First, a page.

The investigation continues

Amin has never been a board-certified by the American Board of Obstetrics and Gynecology, but obtaining the credential is a choice.

Georgia state law requires only one year of education after medical school to obtain a license to practice medicine. Amin is licensed to practice medicine in Georgia.

MORE: ICE Doctor Accused Of Performing Unwanted Hysterectomies Never Held Board Certification

Dr. Michael Randell, an Atlanta-based and board-certified OB-GYN, said board certification signifies doctors have been evaluated by their peers and that they understand both from an academic and a skills perspective what they are doing.

Dr. Michael Randell

Dr. Michael Randell

“By being board certified and going through the process of re-certifying every year, it means that you're keeping up with the literature,” Randell said. “It means you're keeping up with the science. It means that you're keeping up with your skills and all of that's assessed every year so that we can be said to meet criteria to provide safe and effective care to patients, not notwithstanding the fact that also takes into consideration your ethics.”

Anyone with a felony conviction will not be board certified, Randell said.

While Randell said he has not read the full complaint made by whistleblower Wooten, he addressed the hysterectomy allegations to say a big part of the process is communication, which can suffer in a setting where people speak multiple languages.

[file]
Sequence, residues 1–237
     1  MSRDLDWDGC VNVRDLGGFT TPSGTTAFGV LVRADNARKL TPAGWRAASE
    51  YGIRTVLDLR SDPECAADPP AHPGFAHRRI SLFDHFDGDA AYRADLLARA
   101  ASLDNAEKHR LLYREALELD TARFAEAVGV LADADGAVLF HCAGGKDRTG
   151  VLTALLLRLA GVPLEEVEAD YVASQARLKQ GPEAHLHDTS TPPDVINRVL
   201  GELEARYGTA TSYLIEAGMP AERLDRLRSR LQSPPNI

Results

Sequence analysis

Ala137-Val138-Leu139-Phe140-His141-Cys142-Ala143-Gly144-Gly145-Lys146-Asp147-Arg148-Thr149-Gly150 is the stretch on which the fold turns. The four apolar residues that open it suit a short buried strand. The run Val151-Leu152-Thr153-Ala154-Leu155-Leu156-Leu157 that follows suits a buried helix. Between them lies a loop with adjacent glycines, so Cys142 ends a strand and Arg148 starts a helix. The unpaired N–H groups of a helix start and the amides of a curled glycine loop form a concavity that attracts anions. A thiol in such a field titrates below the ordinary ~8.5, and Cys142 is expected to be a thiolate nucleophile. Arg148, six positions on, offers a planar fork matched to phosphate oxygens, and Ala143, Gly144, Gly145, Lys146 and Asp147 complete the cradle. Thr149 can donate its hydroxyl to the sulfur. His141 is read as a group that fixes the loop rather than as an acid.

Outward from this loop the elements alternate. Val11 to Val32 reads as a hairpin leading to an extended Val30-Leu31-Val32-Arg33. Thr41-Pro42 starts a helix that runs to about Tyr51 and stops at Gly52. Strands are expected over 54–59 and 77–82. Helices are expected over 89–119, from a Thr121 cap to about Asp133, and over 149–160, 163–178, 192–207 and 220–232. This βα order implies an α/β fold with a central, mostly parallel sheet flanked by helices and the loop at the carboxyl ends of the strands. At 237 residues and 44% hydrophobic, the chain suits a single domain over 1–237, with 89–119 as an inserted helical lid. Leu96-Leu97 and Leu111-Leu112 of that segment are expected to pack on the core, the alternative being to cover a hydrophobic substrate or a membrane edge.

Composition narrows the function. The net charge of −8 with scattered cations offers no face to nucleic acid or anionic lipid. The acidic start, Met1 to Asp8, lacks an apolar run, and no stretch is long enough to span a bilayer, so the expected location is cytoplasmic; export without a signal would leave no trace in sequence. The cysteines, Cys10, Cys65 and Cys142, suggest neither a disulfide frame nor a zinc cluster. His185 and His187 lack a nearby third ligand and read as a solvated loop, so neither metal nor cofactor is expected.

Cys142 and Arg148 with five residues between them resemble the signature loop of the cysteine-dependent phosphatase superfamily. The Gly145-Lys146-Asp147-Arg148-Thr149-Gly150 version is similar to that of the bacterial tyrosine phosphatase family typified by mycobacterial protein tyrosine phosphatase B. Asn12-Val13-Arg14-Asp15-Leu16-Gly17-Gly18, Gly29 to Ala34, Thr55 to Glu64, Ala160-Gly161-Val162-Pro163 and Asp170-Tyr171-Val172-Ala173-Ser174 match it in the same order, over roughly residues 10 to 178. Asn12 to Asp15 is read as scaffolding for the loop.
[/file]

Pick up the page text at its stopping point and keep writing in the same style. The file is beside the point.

“Informed consent is not just a piece of paper,” Randell said. “It's a process where you have to discuss with patients the indications, the contraindications, the risks, the benefits and the alternatives of the procedure. So, a lot has to happen before you actually perform that hysterectomy.”

In the complaint, an unnamed detainee alleged five different women detained in the Irwin ICE facility had hysterectomies performed between October and December last year.

“When I met all these women who had surgeries, I thought this was like an experimental concentration camp,” the detainee said in the complaint. “It was like they’re experimenting with our bodies.”

LaSalle Corrections receives $60 a day from the federal government for every immigrant it holds at the Irwin County facility, according to a 2016 study by the Southern Poverty Law Center. The money covers the cost of food, housing, and on-site medical care. About 75% of immigrants are deported upon release, making it tough to follow up of oversee quality of care in the detention center.

A Congressional delegation is heading to South Georgia this weekend to continue the investigation into the medical practices at Irwin’s immigration detention center.

A spokesperson with the Department of Homeland Security’s Office of the Inspector General said in a statement that the allegations are being taken very seriously:

“We will be interviewing Dawn Wooten, who initiated this complaint, to hear her allegations firsthand. We have also initiated an evaluation of the Irwin County Detention Center, to include records reviews, interviews with detainees and staff, evaluation of medical care and services, and related matters.”